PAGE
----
and to regulated entities. It is important to balance the need for information with the burdens that entails for regulated entities. As such, regulators must
have regard to the following provisions when determining general policies or principles or when setting standards or giving general guidance on data
requirements.

7.1 When determining which data they may require, regulators should undertake an analysis of the costs and benefits of data requests to regulated entities. Regulators
should give explicit consideration to reducing costs to regulated entities through:

• varying data requests according to risk, as set out in paragraph 4.3;
• limiting collection to specific regulated entities sectors/sub-sectors;
• reducing the frequency of data collection;
• obtaining data from other sources;
• allowing electronic submission; and
• requesting only data which is justified by risk assessment.

7.2 If two or more regulators require the same information from the same regulated entities, they should share data to avoid duplication of collection where this is
practicable, beneficial and cost effective. Regulators should note the content of the Information Commissioner’s letter11when applying the Data Protection Act 199812 in
order to avoid unnecessarily restricting the sharing of data.

7.3 Regulators should involve regulated entities in vetting data requirements and form design for clarity and simplification. They should seek to collect data in a way that is
compatible with the processes of regulated entities and those of other regulators who collect similar data.

Monday, November 3, 2008

Banking crisis - questions for the Treasury Select Committee

I wish to submit the following questions:

Do you now agree with an overwhelming majority of people in the financial services industry that the "tripartite agreement" is fundamentally flawed due to conflicts of interest?

Do you now agree that banking supervision is something one state body should have full responsibility for and that it should be the role of the Bank of England and its former staff who are now at the FSA?

Given the risks that banks pose to the financial system was there ever a time when you felt the need to 'supervise' them very closely rather than regulate certain activities and allow other, more dangerous, unregulated activities to be carried out in London, the largest financial centre on Earth?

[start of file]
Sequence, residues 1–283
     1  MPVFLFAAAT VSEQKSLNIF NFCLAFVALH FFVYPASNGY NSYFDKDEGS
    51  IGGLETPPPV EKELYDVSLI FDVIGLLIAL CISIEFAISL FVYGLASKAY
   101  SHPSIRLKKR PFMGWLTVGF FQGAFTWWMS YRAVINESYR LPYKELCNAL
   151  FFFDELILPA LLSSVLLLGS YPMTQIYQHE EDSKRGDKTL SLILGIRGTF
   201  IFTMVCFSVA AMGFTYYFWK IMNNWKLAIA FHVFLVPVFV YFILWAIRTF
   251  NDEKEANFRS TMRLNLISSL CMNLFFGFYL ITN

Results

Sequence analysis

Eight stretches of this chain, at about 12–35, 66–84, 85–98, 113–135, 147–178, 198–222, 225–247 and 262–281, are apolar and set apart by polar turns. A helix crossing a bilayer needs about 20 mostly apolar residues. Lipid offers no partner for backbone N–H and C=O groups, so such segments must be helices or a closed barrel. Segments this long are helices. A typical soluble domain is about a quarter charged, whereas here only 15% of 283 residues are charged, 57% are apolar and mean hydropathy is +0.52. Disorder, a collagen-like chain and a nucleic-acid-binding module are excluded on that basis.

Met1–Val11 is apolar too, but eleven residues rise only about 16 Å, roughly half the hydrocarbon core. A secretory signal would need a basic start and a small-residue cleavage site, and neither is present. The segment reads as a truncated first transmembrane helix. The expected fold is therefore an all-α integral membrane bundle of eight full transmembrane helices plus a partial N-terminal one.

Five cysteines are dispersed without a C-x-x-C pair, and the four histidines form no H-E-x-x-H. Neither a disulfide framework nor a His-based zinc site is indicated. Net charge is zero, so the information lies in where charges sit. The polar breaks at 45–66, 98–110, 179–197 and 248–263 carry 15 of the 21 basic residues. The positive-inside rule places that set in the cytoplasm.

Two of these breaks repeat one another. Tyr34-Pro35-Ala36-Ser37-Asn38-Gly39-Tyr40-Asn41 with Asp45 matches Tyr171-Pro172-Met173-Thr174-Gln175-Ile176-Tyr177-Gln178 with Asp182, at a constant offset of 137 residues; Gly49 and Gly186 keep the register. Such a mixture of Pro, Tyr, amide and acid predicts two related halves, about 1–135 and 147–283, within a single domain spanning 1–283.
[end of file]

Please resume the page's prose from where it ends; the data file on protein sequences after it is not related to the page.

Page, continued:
Did any of you understand the business model of Northern Rock?

Did anyone not think that lending 125% of the value of a home was irresponsible?

Did you really learn some lessons from Northern Rock and if so why weren't they applied immediately?

Did John Tiner foresee any of this and why isn't he being questioned along with Howard Davies in the same manner as Alan Greenspan was in the US?

Why are the bank auditors not being questioned about the accounts supplied to the FSA?

Why were Bradford and Bingley shareholders misled, or coerced, into subscribing to the rights issue when there was a high probability it would be nationalised?

Why was the RBS rights issue allowed to go ahead and cause unnecessary losses for shareholders?

What hope is there for shareholders to subscribe to rights issues in future given that the facts are not available and neither are dividends?

Why were golden parachutes and pensions handed to FSA staff who left, and are leaving, as this was unfolding while they criticised banks for similar practices?

Does the FSA think it has achieved the Statutory Objective of "maintaining confidence in the financial system"?

Has the FSA been so busy with intangibles such as the Retail Distribution Review and Treating Customers Fairly initiatives that it missed the bigger picture?

Does the FSA now recognise that small advisers are not a threat to the financial system and that it should foster a new, open and transparent, relationship with the distribution model which generates the lowest proportion of complaints yet pays the highest proportion of FSA fees and is burdened by an unwarranted level of regulatory burdens by ratio of size?

Why does Barclays have six months to comply with the Financial Services Authority’s (FSA) new capital ratio target, but not Lloyds TSB ?

How did the FSA arrive at its new capital ratio targets for the banks?

Were the new capital requirements calculated according to transparent principles and can we know what they are?

Why do Ministers believe that a bank is able to sustainably borrow at 12% yet lend at much lower rates?

Is it right that small savers both directly through shareholdings and indirectly through pensions and savings should lose out on dividend income because of the onerous lending terms?

Who has been 'leaking' so much detail to Robert Peston of the BBC?

We are expecting a public inquiry into the involvement of the Bank of England, the FSA and HM Treasury in all of this, will Ministers demand one?